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Environmental Factor

Environmental Factor

Your Online Source for NIEHS News

April 2022

Papers of the Month

Children in smoke-free homes still exposed to tobacco residue

Nearly all children have nicotine on their hands, even those living in smoke-free environments, according to NIEHS-funded research. The children were exposed via thirdhand smoke (THS), or the residue that lingers on surfaces and in dust where tobacco was used.

The study included 504 children under the age of 12 from the Cincinnati area. The researchers analyzed child handwipe samples for nicotine, a marker of THS exposure. A child was considered protected from exposure if no household member smoked or vaped, smoking and vaping were banned in homes and cars, and there was no contact with tobacco users within the previous week.

Nicotine was detected on 98% of children living in exposed conditions and, surprisingly, on 95% of children in protected spaces. On average, exposures of about 3 nanograms per wipe were observed among children from protected households and 22 nanograms per wipe among children in exposed households.

Among children considered to be protected, children of Black parents had higher exposure than those with white or multiracial parents. Children from the lowest income families had about five-fold higher nicotine exposure compared to children from families with incomes greater than $30,000. The association between income and exposure points to a potential role of income-related disparities, such as housing type and quality.

According to the authors, results suggest that decades of permissive smoking policies have created significant THS reservoirs in many indoor environments. Smoking bans, exposure screening, and THS remediation are needed to help protect children.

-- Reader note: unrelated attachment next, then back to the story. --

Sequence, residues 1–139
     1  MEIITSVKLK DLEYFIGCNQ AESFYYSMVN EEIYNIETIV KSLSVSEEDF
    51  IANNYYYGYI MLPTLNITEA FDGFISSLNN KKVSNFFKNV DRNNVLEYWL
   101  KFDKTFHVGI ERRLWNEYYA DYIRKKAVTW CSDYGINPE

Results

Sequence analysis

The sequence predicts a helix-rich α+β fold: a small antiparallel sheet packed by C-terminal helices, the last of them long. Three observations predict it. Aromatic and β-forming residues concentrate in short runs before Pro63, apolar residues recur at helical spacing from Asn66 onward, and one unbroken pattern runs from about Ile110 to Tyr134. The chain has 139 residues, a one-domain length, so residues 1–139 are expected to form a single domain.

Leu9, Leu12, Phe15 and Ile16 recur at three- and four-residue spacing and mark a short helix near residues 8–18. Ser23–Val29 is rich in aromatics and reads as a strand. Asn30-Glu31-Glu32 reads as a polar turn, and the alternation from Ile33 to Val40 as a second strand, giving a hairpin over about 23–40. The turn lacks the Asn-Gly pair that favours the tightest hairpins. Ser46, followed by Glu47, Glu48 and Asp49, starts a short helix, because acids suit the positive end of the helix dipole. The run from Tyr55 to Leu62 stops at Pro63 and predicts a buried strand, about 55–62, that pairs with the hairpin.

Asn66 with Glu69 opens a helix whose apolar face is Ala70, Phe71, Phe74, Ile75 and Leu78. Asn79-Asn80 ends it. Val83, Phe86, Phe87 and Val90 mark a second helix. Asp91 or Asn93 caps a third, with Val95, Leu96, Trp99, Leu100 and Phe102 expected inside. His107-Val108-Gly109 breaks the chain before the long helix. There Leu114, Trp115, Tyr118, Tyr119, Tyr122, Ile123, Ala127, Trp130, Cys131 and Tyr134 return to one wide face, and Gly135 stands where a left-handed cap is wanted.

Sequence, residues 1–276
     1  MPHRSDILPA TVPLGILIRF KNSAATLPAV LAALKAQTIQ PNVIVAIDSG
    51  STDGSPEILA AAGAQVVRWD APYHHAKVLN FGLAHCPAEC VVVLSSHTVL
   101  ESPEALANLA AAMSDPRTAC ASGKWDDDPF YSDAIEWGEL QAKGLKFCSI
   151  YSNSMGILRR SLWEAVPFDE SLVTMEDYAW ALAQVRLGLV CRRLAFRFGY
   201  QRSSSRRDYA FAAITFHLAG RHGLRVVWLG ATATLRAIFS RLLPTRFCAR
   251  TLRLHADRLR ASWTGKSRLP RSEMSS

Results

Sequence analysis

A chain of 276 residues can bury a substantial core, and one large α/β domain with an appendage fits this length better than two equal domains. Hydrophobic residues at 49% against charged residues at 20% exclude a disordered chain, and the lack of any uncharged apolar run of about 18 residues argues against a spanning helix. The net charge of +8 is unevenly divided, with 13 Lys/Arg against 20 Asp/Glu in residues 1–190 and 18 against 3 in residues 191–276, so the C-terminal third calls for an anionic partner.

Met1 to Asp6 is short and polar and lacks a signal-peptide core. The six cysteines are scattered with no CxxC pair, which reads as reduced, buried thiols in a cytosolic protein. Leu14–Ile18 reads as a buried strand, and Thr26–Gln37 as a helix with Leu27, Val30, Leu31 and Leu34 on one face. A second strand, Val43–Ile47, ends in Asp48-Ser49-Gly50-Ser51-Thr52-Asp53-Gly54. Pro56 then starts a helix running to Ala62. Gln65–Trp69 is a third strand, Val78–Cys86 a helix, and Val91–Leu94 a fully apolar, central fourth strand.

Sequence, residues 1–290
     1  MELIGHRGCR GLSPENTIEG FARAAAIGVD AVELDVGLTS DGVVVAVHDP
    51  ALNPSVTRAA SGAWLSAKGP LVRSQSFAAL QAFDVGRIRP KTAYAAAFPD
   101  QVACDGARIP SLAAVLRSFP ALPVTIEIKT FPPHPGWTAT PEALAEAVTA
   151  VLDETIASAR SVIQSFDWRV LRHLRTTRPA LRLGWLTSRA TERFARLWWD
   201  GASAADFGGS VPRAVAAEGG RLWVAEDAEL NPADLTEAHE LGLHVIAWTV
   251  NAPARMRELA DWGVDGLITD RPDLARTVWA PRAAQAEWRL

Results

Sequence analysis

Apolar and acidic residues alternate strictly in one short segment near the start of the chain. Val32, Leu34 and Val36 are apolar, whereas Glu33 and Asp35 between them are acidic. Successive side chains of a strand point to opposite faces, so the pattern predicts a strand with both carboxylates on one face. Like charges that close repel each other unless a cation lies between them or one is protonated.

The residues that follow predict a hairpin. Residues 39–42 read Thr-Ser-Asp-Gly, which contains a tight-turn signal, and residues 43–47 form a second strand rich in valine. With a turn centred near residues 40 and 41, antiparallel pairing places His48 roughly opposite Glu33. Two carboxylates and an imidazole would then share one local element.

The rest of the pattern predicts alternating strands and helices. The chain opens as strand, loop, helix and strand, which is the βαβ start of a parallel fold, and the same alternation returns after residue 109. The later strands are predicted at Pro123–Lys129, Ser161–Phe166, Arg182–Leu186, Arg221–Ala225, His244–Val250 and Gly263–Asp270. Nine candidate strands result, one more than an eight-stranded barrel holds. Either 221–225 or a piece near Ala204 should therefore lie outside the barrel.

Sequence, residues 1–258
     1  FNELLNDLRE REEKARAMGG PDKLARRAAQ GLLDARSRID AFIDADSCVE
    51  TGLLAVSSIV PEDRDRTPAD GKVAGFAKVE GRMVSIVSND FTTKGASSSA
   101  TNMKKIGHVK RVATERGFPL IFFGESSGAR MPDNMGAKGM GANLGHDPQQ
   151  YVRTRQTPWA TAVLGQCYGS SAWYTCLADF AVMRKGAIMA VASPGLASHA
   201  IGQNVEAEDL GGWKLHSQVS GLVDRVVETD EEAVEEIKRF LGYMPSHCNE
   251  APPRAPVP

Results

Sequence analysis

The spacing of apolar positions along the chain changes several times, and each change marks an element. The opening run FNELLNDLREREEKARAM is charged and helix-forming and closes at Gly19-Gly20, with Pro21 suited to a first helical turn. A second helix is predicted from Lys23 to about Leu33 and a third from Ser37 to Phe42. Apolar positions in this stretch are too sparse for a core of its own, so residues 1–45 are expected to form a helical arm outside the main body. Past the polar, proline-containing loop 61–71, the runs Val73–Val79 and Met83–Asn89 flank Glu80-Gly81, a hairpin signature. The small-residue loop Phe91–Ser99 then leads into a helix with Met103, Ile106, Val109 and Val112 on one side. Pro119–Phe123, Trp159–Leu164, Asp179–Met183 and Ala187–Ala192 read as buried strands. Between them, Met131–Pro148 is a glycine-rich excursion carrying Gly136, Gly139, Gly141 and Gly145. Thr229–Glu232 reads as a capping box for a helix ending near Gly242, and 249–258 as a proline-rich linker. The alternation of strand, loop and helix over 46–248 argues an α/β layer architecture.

CitationMatt GE, Merianos AL, Quintana PJE, Hoh E, Dodder NG, Mahabee-Gittens EM. 2022. Prevalence and income-related disparities in thirdhand smoke exposure to children. JAMA Netw Open 5(2):e2147184.

Pine needles work as passive samplers for PFAS

NIEHS-funded researchers showed that pine needles can be used as a tool to monitor the presence and distribution of per- and polyfluoroalkyl substances (PFAS) over time. The pine needle’s waxy coating traps PFAS and other airborne pollutants, providing a record of contamination.

The study included 60 pine needle samples from six North Carolina counties. For historical comparison, the researchers examined 15 archived samples, dating back to the 1960s, collected from the same counties. The team analyzed each sample using a non-targeted, multidimensional approach that allowed them to distinguish between PFAS based on molecular structure.

More than 70 different PFAS were identified in the pine needles. The types of PFAS detected in samples correlated with known changes in PFAS use over time. For example, samples from the past three decades had an increasing number of newer PFAS, such as GenX, compared with samples collected before the newer substances had emerged. The pine needles, taken at varying distances from contamination sources such as airports, firefighter training sites, and chemical plants, revealed where specific PFAS were being used. For example, samples collected near a contamination source had extremely elevated levels of a type of PFAS commonly used in firefighting foams compared with samples collected further away.

According to the researchers, study results showed that using pine needles in combination with non-targeted multidimensional analyses is a viable method for monitoring the distribution of diverse PFAS.

CitationKirkwood KI, Fleming J, Nguyen H, Reif DM, Baker ES, Belcher SM. 2022. Utilizing pine needles to temporally and spatially profile per- and polyfluoroalkyl substances (PFAS). Environ Sci Technol 56(6):3441-3451.

Exposure to PCB mixture mimicking school air linked to range of health effects